Primary ovarian carcinoid tumors (POCT) are well-differentiated neuroendocrine neoplasms and account for <0.1% of ovarian tumors. POCT usually arise in the context of mature cystic teratoma; however, pure primary ovarian carcinoids without teratomatous or mucinous elements are very rare. We present a case of a 54-year-old woman that underwent total laparoscopic hysterectomy and bilateral salpingo-oophorectomy because of endometrial hyperplasia without atypia. The ovaries were macroscopically normal. Pathology report revealed a primary ovarian carcinoid with mixed trabecular and insular growth patterns. Immunohistochemical was positive for chromogranine A, synaptophysin, and CDX2. The Ki-67 index was <1%. To exclude a metastatic carcinoid to the ovary, a Ga-68 PET/CT was performed. This case highlights the microscopic and immunohistochemical characteristics of pure POCT and potential pitfalls in their differentiation from metastatic carcinoids. In addition, differential characteristics of primary and metastatic ovarian carcinoids are discussed.

1. Introduction

Primary ovarian carcinoids are uncommon well-differentiated neuroendocrine neoplasms. They constitute less than 1% of all carcinoid tumors and 0.1% of all ovarian malignancies [1, 2]. Carcinoid tumors are derived from the cells of the diffuse neuroendocrine system and most often occur in the lungs and gastrointestinal tract [1]. Characteristically, these tumors have slow growth and usually display and indolent disease course [2]. However, the so-called carcinoid syndrome and the presence of metastatic disease have been described in patients with ovarian carcinoids [35].

Primary and secondary carcinoid tumors of the ovary have similar histological growth patterns but differ in their clinical course, treatment, and prognosis [3, 5]. While primary tumors tend to be unilateral, confined to the ovary, and mainly follow a benign course, metastatic carcinoids are usually bilateral and are associated with a poor prognosis [3, 5].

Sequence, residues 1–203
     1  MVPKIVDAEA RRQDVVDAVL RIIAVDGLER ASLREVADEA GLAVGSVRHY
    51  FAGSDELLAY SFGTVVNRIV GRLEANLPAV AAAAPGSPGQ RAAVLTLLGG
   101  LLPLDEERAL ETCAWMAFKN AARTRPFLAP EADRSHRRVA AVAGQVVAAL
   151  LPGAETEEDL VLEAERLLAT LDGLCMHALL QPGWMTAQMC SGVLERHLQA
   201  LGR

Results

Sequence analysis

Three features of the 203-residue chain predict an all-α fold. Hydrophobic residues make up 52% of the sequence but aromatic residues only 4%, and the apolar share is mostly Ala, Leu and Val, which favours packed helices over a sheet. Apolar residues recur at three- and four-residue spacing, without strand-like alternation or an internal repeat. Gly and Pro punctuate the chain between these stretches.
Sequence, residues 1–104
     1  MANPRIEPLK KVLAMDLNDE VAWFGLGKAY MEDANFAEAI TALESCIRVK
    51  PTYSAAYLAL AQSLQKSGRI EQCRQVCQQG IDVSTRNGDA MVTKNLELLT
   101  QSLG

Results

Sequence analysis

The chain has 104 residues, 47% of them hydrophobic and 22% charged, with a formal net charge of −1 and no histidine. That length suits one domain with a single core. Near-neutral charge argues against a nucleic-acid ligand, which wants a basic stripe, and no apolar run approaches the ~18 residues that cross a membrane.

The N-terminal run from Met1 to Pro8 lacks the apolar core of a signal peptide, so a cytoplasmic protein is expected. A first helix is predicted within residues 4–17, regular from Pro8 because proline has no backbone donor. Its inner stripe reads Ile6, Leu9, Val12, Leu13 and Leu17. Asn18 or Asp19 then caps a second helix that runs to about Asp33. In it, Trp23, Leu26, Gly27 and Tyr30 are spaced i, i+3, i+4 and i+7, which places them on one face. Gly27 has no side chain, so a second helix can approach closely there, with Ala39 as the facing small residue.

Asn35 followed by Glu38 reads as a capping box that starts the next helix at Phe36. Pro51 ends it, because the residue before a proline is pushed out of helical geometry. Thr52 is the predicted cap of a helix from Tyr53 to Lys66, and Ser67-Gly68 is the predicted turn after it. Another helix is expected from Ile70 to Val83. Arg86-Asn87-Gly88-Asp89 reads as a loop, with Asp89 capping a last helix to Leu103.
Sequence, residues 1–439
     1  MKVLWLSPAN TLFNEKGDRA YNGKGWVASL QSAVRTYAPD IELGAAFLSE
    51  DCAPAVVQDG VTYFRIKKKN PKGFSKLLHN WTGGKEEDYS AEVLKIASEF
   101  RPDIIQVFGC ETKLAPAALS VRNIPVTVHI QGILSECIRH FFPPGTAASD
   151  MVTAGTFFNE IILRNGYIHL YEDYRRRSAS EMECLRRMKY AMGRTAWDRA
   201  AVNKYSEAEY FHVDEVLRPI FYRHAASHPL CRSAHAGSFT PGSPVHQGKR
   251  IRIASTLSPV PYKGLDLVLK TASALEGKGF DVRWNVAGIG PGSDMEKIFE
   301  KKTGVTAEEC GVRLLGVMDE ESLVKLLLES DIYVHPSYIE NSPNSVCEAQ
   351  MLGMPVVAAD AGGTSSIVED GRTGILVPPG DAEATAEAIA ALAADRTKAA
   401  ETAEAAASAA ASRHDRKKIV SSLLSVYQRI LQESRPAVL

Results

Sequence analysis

There are distinct subtypes of ovarian carcinoids based on their histopathologic pattern: insular, trabecular, strumal, and mucinous [4]. However, mixed forms (containing 2 or more types) have also been described [2, 6]. Most of primary ovarian carcinoids reported in the literature arose in association with mature cystic teratomas or mucinous cystadenomas [2, 3, 7, 8]. We present a case of an incidentally detected primary ovarian carcinoid tumor with trabecular and insular components without any teratomatous or mucinous components.

2. Case Report

A 54-year-old nulliparous woman was evaluated in our department for postmenopausal bleeding. Chronic stable medical problems included hypertension and hypothyroidism. There was no family history of breast, ovarian, uterine, or colon cancer. Transvaginal ultrasonography revealed two small intramural myomas and focal adenomyosis. Endometrial thickness was 4 mm, and both adnexa were normal. She underwent endometrial Pipelle sampling that demonstrated an endometrial hyperplasia without atypia. After counseling on potential treatment options, the patient opted for the hysterectomy. A total laparoscopic hysterectomy and bilateral salpingo-oophorectomy were performed without complications. The patient stayed in the hospital for one day and was discharge home without any complications. The pathology report confirmed the endometrial hyperplasia without atypia and revealed the presence of a  cm intraparenchymatous carcinoid tumor in the right ovary. Macroscopically, the ovaries seemed normal, and the ovarian capsules were intact. Microscopic examination of the affected ovary showed tumor cell ribbons and nests, surrounded by thick fibrous stroma, exhibiting mixed growth patterns, particularly of the trabecular and focal insular types (Figure 1). Lymphovascular space invasion and ovarian surface involvement were not identified. Contralateral ovary was normal. No teromatous or thyroid tissues were identified in any ovary. Immunohistochemical study showed positive staining for chromogranin A and synaptophysin (Figure 2(A)), confirming the neuroendocrine origin of the tumor. Other immunohistochemical markers included positive CDX2, Ki67 proliferative , and negative alpha-inhibin (Figures 2(B) and 3). After establishing the pathological diagnosis, the patient underwent a gallium-68 DOTATATE PET/CT to evaluate for distant metastases or a different potential primary site. There was no evidence neither distant metastases nor another suspected primary site. Four months postoperatively, the patient is doing well and completely asymptomatic.